1/120 - would give you any new starters and any 'box openers' moving from other scales PLUS the rest of the world - collectors, 'box openers' and real, honest to goodness modellers who are established in this scale and might fancy something British outline as a change from their local scene. I frequent German, European and US forums and such folk do exist.

 

IF a re-newed British TT should emerge, I urge the adoption of 1/120th scale as being the only option that will generate sufficient sales to make the investment worthwhile.

Cheers,

John E.

Hi John

 

But you still have to answer the question of how British prototype steam locomotives can be manufactured to run on scale track. If the manufacturer adopts near-scale wheels it's possible, give or take a few compromises. But in the case of 1:120 that rolling stock would be running on much finer standards than the rest of the world uses for TT, so it wouldn't be compatible.

 

The market is anybody who wants to run British outline stock, mostly the home market but as you point out there is a worldwide interest in this. Indeed, there is a small but significant number of 3mm modellers spread throughout the world; they are active, are members of the 3mm Society, often contribute to discussions on the Society e-group, and even to the Society magazine Mixed Traffic. As they tend to live in less crowded parts of the world they have the space to develop quite large layouts, and some of them do.  I think nearly all of them use 12mm track, which is the nub of the matter. A product which runs on 12mm track can be used, potentially, by anybody who has 12mm track, irrespective of whether it's 1:100 or 1:120. So the 1:100 market isn't just the home market.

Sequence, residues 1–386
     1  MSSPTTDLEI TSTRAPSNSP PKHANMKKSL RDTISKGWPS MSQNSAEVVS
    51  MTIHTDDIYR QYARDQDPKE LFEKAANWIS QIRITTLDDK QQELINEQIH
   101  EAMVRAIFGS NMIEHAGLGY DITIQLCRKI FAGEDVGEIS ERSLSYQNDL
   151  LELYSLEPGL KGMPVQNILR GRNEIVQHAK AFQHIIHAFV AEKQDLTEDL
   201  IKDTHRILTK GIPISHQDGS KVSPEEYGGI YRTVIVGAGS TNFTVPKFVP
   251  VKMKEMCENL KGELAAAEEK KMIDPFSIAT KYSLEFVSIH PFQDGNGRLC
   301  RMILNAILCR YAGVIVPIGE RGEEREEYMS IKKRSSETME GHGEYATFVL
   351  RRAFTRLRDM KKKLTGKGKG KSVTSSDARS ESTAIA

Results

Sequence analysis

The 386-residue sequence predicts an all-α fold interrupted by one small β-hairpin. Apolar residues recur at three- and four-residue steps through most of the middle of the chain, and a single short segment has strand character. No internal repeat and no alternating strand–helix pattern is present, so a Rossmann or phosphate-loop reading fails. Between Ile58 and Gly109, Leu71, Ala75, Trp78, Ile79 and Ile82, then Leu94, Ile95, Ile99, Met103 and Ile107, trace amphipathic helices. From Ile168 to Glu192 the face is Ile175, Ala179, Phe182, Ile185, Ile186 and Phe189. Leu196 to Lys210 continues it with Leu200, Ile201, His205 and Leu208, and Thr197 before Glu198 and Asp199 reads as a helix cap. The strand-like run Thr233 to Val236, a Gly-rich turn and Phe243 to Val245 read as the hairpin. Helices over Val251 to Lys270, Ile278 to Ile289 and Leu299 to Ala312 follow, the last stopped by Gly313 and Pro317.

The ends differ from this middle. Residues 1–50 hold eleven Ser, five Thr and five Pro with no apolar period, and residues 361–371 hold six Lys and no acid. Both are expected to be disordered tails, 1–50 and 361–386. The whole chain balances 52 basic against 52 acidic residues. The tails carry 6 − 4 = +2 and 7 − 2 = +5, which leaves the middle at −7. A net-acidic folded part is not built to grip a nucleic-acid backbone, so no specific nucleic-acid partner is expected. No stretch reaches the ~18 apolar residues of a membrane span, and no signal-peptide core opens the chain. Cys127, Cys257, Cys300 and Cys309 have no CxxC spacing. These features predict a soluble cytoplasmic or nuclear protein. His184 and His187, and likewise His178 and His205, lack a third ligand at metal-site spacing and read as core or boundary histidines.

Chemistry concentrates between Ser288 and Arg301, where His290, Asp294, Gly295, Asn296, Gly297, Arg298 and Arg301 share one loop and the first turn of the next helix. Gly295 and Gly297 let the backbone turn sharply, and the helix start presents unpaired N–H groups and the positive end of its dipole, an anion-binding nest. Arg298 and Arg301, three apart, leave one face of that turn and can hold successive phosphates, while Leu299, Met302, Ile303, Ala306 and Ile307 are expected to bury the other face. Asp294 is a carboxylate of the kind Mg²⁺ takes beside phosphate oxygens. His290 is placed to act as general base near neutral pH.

By the way, the home 3mm market isn't just kit builders and scratch builders; there's probably as many people running Triang TT, in and out of the Society, as there are of the others. Would they buy new RTR 3mm? You bet they would!

 

Cheers

Nigel

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Hi Nigel,

Thanks for your most interesting comments above, I had forgotten about the original Tri ang TT ers!

As to how to manufacture British outline steam locomotives to run on 12mm gauge track, I can only draw on my own H0 scale experience (where folk said it can't be done because the body is too small for the motor, the motion can't fit and so forth), well I have two steam locos with outside cylinders and Walshearts motion - a DJH S160 2-8-0 and a REE models Southern dock tank and they seem to be fine!